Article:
New Delhi has not slammed the peace door on the United Liberation Front of Asom (ULFA) and is willing to reconcile differences.
National Security Adviser MK Narayanan is understood to have told two key peace facilitators on Monday that the Centre was prepared to sit at the peace table with the insurgent group once it sends a written communication notifying the date of the talks.
"The Centre expects the letter and we are hopeful it will be sent soon," Indira Goswami, member of the Ulfa-mandated Peoples' Consultative Group, said after the meeting with Narayanan on Monday evening.
This was the first meeting between the mediators and the Centre since September this year when the government called off the six-week ceasefire, accusing the outfit of stepping up attacks and making extortion demands.
"He told us that the door is still open. The peace process has not collapsed," she said, suggesting that the government did not insist on the letter, as on previous occasions, detailing the composition of the ULFA team of negotiators.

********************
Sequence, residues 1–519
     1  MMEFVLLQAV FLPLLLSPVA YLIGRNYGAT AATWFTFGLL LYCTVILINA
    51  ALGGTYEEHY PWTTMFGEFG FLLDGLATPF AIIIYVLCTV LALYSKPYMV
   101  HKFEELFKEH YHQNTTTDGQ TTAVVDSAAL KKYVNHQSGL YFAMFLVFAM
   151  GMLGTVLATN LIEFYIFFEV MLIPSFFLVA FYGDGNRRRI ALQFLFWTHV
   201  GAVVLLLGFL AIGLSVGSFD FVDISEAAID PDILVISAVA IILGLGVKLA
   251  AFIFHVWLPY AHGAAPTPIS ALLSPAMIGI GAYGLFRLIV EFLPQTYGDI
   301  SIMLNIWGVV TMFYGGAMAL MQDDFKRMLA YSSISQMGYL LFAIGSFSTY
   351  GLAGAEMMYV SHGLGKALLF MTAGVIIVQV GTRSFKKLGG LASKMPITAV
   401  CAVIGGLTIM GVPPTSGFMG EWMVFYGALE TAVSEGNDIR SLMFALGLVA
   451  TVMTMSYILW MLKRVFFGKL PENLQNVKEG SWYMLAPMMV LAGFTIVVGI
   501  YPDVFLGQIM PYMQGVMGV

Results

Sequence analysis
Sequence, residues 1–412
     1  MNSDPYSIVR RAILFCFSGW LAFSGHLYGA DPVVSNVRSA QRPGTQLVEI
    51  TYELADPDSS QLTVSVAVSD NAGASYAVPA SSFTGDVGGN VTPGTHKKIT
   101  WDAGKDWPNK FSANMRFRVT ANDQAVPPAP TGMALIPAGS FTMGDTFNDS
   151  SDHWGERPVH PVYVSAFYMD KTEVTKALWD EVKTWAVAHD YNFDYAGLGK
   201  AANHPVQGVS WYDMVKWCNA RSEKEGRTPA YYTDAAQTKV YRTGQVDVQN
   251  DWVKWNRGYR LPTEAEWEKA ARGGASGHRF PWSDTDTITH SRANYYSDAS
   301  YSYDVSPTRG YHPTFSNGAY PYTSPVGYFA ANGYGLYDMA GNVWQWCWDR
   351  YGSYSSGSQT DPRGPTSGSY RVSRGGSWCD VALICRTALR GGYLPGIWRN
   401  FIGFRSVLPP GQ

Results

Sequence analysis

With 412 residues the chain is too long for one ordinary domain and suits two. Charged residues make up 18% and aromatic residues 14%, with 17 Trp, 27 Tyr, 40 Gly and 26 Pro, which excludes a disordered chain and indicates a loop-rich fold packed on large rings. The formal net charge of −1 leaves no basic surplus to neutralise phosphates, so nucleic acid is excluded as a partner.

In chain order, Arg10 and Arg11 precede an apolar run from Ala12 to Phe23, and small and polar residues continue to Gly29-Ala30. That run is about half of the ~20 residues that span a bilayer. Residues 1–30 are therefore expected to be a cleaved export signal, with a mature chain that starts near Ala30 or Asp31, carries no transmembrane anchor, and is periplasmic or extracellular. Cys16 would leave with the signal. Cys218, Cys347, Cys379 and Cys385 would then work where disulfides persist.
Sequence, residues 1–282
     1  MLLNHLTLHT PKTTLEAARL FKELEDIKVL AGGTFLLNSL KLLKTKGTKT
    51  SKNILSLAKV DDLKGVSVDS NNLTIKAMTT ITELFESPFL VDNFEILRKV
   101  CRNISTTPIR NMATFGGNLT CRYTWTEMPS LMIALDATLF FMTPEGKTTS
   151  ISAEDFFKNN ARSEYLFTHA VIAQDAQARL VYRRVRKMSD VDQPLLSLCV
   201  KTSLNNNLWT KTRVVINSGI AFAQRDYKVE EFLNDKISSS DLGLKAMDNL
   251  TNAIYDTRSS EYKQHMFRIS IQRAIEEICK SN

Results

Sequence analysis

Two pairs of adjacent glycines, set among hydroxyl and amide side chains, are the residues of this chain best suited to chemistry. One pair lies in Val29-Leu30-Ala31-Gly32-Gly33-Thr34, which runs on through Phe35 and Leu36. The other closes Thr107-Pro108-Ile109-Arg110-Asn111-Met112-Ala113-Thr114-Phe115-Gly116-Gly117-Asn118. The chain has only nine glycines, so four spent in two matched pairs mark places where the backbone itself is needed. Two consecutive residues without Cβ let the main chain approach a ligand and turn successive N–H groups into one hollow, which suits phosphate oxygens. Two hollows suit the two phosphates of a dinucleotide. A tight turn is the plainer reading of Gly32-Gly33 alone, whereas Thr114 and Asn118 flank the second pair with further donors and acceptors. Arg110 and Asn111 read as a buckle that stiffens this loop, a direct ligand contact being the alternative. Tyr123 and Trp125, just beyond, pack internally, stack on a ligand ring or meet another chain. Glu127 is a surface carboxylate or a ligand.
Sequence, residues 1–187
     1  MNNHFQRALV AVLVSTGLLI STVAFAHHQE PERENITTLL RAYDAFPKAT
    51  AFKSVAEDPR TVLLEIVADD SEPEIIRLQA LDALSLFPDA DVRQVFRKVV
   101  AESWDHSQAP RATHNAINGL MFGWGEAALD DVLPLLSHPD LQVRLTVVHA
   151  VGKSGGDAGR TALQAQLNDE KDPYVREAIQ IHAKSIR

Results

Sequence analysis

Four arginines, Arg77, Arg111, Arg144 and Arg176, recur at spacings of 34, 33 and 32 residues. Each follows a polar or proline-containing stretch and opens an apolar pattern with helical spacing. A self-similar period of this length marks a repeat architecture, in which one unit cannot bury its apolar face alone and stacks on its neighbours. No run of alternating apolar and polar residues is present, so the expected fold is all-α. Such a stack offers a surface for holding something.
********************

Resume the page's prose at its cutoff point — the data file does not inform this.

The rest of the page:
In what appeared to be softening of stated positions on both sides, she also did not point out that the insurgent group would not be able to meet this condition as some members of the ULFA executive were behind bars. PCG members had earlier insisted that the government released ULFA leaders, as the outfit could not give the letter unless all executive members approved the letter.
Goswami, accompanied by another PCG member Rebati Phukan, said they had the mandate of the banned organisation to revive the faltering peace process in the state.
The ULFA leadership had also asked them to convey to the government that the outfit was not responsible for the Fancy Bazar blast in Guwahati earlier this month that killed 10 people.